A Thousand Midnights

About the Film

From 1915 to 1970, six million African Americans relocated from the rural South to the cities of the North, Midwest and West fleeing racial terror and pursuing economic opportunity for their families. Contemplative and experimental, A Thousand Midnights chronicles the manifestation of the economic and social histories of Black Americans who came to the north during the Great Migration.

About the Filmmaker

Carlos Javier is a director, cinematographer and documentary photographer who focuses on urban life, gun violence, racism, poverty and marginalized communities. In 2016, Carlos received a Guggenheim Fellowship for film/video. His work has been exhibited in the Schomburg Center for Research in Black Culture, Detroit Institute of Arts, and the Library of Congress. His films have screened at Tribeca Film Festival, Los Angeles International Film Festival, and the Athens International Film + Video Festival. Carlos’ current project is series of short films chronicling the contemporary stories of Black Americans who came to the North during the Great Migration. Beginning with his mother-in-law’s story, Carlos is exploring the legacy of the Great Migration a century after it began. For Carlos, who moved back and forth between Puerto Rico and the U.S. mainland as a child, the story of a displaced people in search of stability and economic opportunity resonates with his own.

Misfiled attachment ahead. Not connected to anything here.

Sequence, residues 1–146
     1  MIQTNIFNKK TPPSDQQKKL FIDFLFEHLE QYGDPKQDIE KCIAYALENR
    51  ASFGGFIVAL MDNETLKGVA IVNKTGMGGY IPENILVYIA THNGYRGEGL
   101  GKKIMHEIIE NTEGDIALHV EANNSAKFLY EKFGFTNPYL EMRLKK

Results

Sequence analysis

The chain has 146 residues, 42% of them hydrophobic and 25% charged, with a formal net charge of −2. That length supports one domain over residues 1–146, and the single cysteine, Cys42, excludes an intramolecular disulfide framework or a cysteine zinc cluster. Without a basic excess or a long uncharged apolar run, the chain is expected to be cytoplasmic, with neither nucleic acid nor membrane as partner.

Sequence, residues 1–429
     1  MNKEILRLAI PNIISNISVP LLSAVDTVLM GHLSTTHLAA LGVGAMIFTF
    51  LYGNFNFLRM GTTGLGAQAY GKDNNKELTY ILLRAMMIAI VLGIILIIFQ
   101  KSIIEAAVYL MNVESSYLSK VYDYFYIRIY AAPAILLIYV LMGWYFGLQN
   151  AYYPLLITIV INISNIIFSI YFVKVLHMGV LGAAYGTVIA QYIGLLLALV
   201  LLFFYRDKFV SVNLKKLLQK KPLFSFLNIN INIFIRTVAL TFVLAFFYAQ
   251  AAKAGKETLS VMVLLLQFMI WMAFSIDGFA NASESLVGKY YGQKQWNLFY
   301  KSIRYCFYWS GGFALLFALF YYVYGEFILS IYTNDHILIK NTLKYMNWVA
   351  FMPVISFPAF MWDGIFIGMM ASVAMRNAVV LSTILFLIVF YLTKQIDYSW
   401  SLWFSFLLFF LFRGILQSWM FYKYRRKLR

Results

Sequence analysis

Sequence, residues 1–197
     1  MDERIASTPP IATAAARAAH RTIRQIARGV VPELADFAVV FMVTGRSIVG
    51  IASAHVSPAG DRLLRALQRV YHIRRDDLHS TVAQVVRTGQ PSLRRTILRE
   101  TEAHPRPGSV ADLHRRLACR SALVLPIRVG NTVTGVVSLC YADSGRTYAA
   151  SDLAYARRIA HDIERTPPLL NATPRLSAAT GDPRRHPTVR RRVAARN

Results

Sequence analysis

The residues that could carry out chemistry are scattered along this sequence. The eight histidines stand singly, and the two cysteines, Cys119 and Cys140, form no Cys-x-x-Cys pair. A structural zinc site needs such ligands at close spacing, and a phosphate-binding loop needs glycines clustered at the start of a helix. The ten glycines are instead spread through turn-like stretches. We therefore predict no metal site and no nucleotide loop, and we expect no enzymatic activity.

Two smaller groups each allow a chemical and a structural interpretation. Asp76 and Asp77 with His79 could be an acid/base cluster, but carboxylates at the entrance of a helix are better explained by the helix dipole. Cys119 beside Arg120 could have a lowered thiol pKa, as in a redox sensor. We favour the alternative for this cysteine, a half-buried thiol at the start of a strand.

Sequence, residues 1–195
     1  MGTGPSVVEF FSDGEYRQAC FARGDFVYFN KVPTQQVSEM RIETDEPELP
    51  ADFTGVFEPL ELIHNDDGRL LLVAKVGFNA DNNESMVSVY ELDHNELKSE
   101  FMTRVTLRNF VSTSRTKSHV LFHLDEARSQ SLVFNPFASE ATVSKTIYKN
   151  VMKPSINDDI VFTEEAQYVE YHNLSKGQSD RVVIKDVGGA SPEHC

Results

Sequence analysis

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Q&A about the Film

Director, Cinematographer and Photographer Carlos Javier Ortiz talks about the choices that went into his emotional narrative of the Great Migration and its effects on the present.

A Thousand MidnightsRead the Full Q&APBS: A Thousand Midnights is filmed entirely in black and white. What was the creative decision behind this?

Carlos Javier Ortiz: My previous film "We All We Got" was filmed in black and white as well. A Thousand Midnights is a part of a trilogy of short films chronicling the contemporary stories of Black Americans who came to the North during the Great Migration. Beginning with my mother-in-law’s story, I’m exploring the legacy of the Great Migration a century after it began. Filming in black and white was a creative decision to make these connections.

More from the Q&A 

About Reel South

Reel South is an anthology series highlighting the best non-fiction storytelling from across the American South. Distributed to public television stations nationally, the series brings diverse Southern voices, topics and points of view into millions of homes. REEL SOUTH was made possible, in part, by a grant from the Corporation for Public Broadcasting (CPB) to the University of North Carolina Center for Public Television. The series is a collaboration between UNC-TV, South Carolina ETV, and theSouthern Documentary Fund.

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